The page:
Better tracking of yield loss
Deboning screening system could improve cutting and trimming operations in poultry plants.
Efficient deboning is paramount to optimizing production yield (maximizing the amount of meat removed from a chicken frame while reducing the presence of bones). For poultry processors, higher yield means higher profit, so every bit of meat removed counts.
Supporting ag innovation
Many processors evaluate the efficiency of their deboning lines through manual yield measurements, which involves using a special knife to scrape the chicken frame for any remaining meat after it has been deboned. The meat is then weighed to determine the potential meat loss.
This process, however, is not ideal for getting a consistent estimation of yield as the amount of meat measured can vary depending on the skill and fatigue level of the operator. In addition, scraping is time-consuming, limiting the number of frames that can be evaluated, potentially affecting the accuracy of the statistical predictions.
Researchers with the Georgia Tech Research Institute (GTRI) have developed an automated vision system for estimating yield loss by correlating image characteristics with the amount of meat left on a frame. Employing a special illuminated cone and sophisticated software algorithms, the Cone Line Screening System can make yield measurements in less than a second and has up to a 90 percent correlation with yield measurements performed manually.
As seen in Figure 1 (above), frames on the cone with more yield remaining inhibit light from transmitting, darkening those areas. This feature can be used to estimate yield loss.
“Yield management allows processors to monitor each deboning line’s performance in real time and set statistical process-control points to identify when any particular line is deviating from the expected performance,” says Colin Usher, research scientist and project director. As a result, he explains, processors can then immediately identify when a particular line is faltering and address the problem, potentially reducing yield loss.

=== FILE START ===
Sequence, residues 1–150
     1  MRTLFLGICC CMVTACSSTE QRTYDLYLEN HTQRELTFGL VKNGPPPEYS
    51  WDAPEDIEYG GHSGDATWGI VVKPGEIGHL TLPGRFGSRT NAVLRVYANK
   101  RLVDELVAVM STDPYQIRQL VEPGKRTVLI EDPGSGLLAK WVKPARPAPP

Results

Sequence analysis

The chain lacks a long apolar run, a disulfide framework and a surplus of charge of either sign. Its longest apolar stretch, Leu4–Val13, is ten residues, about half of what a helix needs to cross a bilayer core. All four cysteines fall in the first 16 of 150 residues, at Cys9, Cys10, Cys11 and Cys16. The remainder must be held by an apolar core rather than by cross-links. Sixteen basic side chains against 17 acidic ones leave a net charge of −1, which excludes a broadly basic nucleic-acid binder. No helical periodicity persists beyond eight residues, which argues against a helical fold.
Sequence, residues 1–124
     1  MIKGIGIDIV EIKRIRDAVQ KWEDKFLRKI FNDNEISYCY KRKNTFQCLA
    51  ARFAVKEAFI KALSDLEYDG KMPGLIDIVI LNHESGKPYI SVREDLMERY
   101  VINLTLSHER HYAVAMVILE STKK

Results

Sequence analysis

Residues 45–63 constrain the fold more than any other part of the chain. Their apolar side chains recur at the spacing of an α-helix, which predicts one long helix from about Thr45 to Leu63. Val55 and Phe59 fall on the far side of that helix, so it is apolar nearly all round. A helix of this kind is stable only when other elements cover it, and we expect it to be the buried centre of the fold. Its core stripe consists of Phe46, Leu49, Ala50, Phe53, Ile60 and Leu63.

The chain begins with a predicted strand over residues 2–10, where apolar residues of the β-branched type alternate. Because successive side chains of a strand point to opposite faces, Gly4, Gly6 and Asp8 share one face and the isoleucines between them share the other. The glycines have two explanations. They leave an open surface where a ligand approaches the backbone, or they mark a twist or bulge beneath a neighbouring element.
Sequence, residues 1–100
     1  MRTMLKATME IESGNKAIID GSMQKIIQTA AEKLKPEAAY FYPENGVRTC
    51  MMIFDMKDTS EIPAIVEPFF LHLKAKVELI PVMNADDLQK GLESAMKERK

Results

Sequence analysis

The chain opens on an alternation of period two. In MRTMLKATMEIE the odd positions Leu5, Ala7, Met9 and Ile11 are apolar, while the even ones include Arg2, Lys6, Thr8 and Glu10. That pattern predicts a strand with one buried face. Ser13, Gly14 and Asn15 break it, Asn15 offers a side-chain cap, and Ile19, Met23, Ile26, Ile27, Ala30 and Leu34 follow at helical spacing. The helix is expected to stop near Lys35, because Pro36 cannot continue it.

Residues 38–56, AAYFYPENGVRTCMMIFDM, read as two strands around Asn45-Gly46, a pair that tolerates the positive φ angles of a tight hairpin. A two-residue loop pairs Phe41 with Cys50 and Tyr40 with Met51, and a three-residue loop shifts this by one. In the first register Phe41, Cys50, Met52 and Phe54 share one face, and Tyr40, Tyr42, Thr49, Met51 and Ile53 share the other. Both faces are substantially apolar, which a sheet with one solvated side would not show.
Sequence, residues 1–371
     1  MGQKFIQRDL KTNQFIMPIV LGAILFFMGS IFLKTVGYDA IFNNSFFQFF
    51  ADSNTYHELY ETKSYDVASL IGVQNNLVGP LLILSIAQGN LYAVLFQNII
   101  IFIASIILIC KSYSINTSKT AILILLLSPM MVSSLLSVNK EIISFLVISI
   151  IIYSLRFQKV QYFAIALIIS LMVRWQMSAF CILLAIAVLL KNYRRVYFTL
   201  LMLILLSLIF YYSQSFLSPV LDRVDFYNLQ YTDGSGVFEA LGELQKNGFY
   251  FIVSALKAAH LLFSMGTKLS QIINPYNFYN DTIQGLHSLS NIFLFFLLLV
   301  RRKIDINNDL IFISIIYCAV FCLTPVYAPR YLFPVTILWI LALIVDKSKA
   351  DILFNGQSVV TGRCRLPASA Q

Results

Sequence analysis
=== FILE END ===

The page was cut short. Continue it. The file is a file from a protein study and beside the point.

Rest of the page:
The system can also characterize yield loss for individual regions on the frame such as the left and right clavicle and left and right tender areas. These characterizations, notes Usher, could allow processors to identify which workers on the line are fatigued or are exhibiting a drop in performance, adjust worker rotation schedules and placement of workers to better optimize the deboning line and determine when a particular worker is performing well enough to move from a training line onto a full-speed deboning line.
“Based on initial feedback from industrial partners, we believe the Cone Line Screening System could benefit processors by providing them with a better tool with which to control the deboning process,” says Usher.
The patented technology is now undergoing commercial testing as the YieldScan™ Rapid Yield Analyzer.
The benefits of monitoring yield loss on-line and in real time
Manual sampling of yield loss from several poultry processors has allowed researchers to determine that, on average, a standard broiler processing plant that processes small- to medium-size birds will lose anywhere from eight grams to 40 grams of meat per bird during the deboning process. Assuming a processor is operating in the median for yield loss, they would be losing an average of 20.1 grams of meat per frame. If they could adjust the process to shift yield loss into the lower 25 percent, they would instead lose an average 15.6 grams of meat per bird, or gain 4.5 grams per bird. The estimated impact of this shift in yield loss becomes:
- Assume 1 million birds per week
- Assume 4.5 grams savings per bird = 4.5 million grams (9,900 pounds) per week
- Assume $1.95 cost per pound* of breast meat = $19,305
- Assume 50 working weeks a year = $965,250 in additional revenue per year.
*Wtd. Avg. cents per pound of boneless/skinless breasts — Source: USDA Broiler Market News Report, February 14, 2014, Vol. 61, No. 20.
This article is an updated version of a previously published story from PoultryTech – to view the publication, visit www.atrp.gatech.edu.